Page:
Fortunately, music continued despite these medical misadventures. Before her operation, Pam hosted a recorder weekend for Auckland and Hamilton players while Ian and Brian were at sea. Toe notwithstanding, Ian joined Auckland clarinet-playing weekends in both April and June, while Pam played with her recorder group there.
And there were lovely family times. One afternoon we met up with Pippa’s son Peter and his family, now living near Sydney in Australia, who were visiting NZ friends. We met at Butterfly Creek near Auckland airport, and Anna brought her family along too. Stella and Madeleine got on famously and quickly became temporary besties.
Pam initiated a project with Zonta, a woman’s group, to refresh the room at Hamilton Police Station where victims of family violence are interviewed. She visited the room last year and was appalled at the drab, institutional, décor, totally unsuited to family visits. With the blessing of the Station’s family safety team the walls have been painted, artworks and soft furnishings installed, with beanbags, toys, books and videos to entertain the children. The project has been a year in planning and execution, and was opened in October. This is the most satisfying Zonta project she has participated in.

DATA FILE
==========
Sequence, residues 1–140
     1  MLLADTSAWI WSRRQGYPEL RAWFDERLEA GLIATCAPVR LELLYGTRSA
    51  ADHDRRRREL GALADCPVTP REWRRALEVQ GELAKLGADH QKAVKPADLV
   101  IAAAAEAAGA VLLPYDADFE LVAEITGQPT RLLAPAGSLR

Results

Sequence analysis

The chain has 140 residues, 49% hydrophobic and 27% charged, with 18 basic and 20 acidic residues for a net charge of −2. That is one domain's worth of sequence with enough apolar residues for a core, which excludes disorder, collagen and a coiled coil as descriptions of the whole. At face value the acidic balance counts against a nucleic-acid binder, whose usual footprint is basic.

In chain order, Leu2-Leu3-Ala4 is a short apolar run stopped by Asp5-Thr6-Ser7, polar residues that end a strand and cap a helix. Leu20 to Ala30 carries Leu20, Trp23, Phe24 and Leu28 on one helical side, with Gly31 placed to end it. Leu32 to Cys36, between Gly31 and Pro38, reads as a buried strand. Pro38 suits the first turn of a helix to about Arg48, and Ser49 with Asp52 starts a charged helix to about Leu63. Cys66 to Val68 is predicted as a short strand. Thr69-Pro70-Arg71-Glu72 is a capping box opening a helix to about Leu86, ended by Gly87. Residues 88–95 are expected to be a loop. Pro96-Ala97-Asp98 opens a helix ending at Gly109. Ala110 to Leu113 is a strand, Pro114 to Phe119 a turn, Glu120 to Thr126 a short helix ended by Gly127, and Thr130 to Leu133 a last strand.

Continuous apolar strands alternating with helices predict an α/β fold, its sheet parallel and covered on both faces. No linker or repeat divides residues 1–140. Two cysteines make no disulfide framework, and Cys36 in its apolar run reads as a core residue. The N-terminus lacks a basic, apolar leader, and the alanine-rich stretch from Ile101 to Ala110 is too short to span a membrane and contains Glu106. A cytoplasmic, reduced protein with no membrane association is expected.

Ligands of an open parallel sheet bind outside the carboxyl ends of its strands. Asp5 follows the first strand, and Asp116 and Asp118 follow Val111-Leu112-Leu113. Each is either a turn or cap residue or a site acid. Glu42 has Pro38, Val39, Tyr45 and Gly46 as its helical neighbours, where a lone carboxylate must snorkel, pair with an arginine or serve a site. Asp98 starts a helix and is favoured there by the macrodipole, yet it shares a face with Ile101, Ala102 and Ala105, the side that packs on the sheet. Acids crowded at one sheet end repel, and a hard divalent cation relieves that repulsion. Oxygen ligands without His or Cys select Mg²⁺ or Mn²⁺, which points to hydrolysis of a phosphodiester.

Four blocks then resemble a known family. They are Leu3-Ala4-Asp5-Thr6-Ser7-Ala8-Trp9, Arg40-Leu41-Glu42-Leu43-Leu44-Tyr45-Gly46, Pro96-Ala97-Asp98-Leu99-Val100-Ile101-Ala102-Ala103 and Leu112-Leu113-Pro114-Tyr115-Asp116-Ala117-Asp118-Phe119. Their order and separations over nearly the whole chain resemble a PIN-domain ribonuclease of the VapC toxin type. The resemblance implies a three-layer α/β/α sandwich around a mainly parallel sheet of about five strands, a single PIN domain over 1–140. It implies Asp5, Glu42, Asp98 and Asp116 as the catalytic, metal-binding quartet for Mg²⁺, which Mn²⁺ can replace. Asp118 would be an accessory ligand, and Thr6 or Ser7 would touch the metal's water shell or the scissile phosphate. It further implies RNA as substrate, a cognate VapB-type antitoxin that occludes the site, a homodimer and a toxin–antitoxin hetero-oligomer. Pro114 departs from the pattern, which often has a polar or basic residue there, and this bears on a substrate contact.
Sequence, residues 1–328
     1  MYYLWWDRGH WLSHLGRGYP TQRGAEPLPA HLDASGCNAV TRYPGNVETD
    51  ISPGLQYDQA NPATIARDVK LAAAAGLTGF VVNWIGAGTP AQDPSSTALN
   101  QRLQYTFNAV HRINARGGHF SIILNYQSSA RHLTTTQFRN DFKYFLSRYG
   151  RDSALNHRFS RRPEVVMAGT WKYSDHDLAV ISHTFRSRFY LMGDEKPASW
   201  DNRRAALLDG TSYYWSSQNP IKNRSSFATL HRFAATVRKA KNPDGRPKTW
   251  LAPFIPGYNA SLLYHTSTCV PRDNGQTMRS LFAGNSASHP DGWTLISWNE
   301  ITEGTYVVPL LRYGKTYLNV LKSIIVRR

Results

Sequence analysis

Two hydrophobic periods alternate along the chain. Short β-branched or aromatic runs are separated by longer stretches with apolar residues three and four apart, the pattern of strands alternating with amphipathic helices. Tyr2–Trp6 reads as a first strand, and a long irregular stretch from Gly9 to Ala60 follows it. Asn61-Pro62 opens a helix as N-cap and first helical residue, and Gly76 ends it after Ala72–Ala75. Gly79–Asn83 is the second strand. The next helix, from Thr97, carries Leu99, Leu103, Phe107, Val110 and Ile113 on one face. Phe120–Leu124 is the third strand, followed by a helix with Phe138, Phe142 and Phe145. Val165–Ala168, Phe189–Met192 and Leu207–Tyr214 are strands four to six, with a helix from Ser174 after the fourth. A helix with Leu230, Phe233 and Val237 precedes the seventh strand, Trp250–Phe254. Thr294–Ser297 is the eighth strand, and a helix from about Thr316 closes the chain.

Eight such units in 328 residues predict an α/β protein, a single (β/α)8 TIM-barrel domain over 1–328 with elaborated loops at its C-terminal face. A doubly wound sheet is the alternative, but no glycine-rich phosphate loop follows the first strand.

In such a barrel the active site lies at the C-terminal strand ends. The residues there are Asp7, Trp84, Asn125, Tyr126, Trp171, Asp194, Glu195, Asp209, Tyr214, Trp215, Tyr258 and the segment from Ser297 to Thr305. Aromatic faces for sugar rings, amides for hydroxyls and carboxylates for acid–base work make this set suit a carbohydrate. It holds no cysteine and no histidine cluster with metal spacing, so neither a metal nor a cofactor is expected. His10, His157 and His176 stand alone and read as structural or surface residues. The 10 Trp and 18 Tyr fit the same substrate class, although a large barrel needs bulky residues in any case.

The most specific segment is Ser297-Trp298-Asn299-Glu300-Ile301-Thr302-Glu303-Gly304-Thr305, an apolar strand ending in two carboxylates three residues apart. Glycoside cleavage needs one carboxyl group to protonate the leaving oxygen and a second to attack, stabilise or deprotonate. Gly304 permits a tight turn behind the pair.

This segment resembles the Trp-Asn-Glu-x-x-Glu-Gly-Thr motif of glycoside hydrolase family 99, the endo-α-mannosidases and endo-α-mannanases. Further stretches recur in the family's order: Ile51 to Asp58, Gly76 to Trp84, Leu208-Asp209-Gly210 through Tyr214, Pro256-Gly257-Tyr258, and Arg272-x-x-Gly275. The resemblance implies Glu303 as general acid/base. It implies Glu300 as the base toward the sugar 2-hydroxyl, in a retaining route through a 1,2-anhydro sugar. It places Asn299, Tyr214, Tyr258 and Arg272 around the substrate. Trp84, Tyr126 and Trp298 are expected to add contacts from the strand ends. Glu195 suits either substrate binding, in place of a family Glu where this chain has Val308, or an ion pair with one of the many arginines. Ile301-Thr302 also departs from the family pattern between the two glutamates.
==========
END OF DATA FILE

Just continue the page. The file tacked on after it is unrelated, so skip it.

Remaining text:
On 12 June we departed for California to stay with Nikki and John in their new home in Sunnyvale. They moved from Belfast the previous November, and are now nicely settled in to a small apartment with all mod cons. John is deliriously happy working for Apple, just down the road. After a multitude of job applications Nikki finally found success just before our arrival, starting work just after we left—ideal! It turns out that employment is hard to find in Silicon Valley if you’re not in the computer business. Nikki had 5 (five!) interviews with the people who hired her, including one that was an assigned piece of homework. She is one of a handful of paid employees in a small organization that brings volunteers into schools to talk about the local environment. She organizes volunteer parties, arranges a regular newsletter that occasionally includes poems written by her, and does some work besides. Imagine!—a professional poet in the family. It was lovely to sample some of Nikki and John’s life. We visited one of her (future) workplaces, and she arranged a barbecue banquet to meet some of their friends. While in California we had an unplanned and hastily organized brunch with New York friends, and then—led by John—shopped at the Apple Store in Mountain View. Pam is now the proud owner of the (then) very latest iPhone!